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Supreme Court Chips Away at Concept of Direct And Derivative Claims

Just in time for Christmas, on December 20, 2016, the Delaware Supreme Court issued a Christmas present – or lump of coal, depending on your view – in its opinion in El Paso Pipeline GP Company LLC v. Brinckerhoff.  In this opinion, the Supreme Court reversed the Court of Chancery’s opinion holding that claims of a limited partner challenging a drop down transaction between the general partner’s parent and the partnership as a breach of the limited partnership agreement were direct, and therefore survived the merger of the limited partnership after trial with a third party.  The Court of Chancery had awarded $171 million in damages for the breach.  The general partner had argued that the merger extinguished the limited partners’ claims.

The Supreme Court’s opinion addresses the thorny and, as described by Chief Justice Strine in his concurring opinion, confusing issue of whether to characterize a claim as derivative, direct, or both.  In El Paso, the Supreme Court held that although the claim involved breach of the limited partnership agreement, the claim was derivative under a Tooley analysis because at its heart, the plaintiff’s claim was that the partnership paid too much for the assets acquired in the drop down and the benefit of any recovery would flow solely to the partnership.   The Court distinguished this type of claim from its prior holding in Gentile v. Rosette, where the Court found that a dilutive transaction between the company and its controlling stockholder was derivative and direct, on the grounds that unlike in Gentile, the general partner did not gain additional voting power or control as a result of the transaction.  Because the Supreme Court held that the claim was derivative, it did not survive the merger.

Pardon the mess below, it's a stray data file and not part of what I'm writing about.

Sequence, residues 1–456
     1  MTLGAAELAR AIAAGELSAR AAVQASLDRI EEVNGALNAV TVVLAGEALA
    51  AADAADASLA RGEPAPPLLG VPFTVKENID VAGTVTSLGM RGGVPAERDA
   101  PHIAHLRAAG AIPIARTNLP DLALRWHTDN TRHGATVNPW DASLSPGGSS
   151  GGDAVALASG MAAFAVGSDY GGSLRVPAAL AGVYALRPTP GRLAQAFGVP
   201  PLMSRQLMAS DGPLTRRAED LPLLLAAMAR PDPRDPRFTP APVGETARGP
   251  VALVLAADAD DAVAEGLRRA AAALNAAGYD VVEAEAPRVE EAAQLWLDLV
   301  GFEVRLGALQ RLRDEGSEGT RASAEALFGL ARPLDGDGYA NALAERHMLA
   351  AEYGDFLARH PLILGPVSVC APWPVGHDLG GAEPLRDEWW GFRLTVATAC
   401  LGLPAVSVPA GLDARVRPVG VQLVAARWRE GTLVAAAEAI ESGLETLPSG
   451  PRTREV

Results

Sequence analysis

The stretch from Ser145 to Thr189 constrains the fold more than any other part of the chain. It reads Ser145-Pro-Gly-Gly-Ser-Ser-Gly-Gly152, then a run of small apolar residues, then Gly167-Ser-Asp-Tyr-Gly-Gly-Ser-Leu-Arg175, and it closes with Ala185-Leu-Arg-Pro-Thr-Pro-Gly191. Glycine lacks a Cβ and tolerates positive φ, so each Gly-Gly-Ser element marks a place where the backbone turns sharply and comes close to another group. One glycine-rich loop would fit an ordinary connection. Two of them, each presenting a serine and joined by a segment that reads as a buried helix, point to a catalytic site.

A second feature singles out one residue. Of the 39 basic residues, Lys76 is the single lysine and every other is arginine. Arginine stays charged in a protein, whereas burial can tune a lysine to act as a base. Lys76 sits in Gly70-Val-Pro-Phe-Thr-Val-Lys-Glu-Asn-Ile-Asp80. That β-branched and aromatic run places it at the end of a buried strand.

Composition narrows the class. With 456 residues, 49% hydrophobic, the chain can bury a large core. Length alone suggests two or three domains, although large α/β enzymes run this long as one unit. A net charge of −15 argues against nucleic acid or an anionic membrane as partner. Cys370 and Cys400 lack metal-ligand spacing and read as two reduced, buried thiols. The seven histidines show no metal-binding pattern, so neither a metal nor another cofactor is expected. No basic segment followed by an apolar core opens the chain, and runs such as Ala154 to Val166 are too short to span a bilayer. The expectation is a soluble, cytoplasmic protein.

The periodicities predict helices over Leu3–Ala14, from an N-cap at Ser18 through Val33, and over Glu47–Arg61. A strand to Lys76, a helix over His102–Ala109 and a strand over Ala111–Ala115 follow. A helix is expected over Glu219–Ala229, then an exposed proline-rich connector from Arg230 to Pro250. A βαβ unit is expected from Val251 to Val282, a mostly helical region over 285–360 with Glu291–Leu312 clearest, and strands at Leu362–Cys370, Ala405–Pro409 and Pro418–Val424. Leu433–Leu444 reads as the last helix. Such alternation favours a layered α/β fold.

Although the Court carefully limited its opinion to the facts before it, Chief Justice Strine’s concurring opinion indicates that at least he doubts the viability of the holding in Gentile generally.  Describing the holding in Gentile as “a confusing decision, which muddies the clarity of our law in an important context,” the Chief Justice agreed that because in this case the transaction had no effect on the limited partners’ voting rights, the Court need not consider whether to overrule or modify Gentile.  He suggested, however, that Gentile should be overruled to the extent that it allows for a direct claim in dilution cases with a controlling stockholder.  The Chief Justice also argued that even if there were no controlling stockholder, Delaware has other doctrines, such as Revlon, that permit a stockholder to assert a direct claim when a transaction shifts control of a company from a diversified investor base to a single controlling stockholder.  Although the majority opinion did not modify or overrule Gentile, the Chief Justice called it “a big step in the right direction.”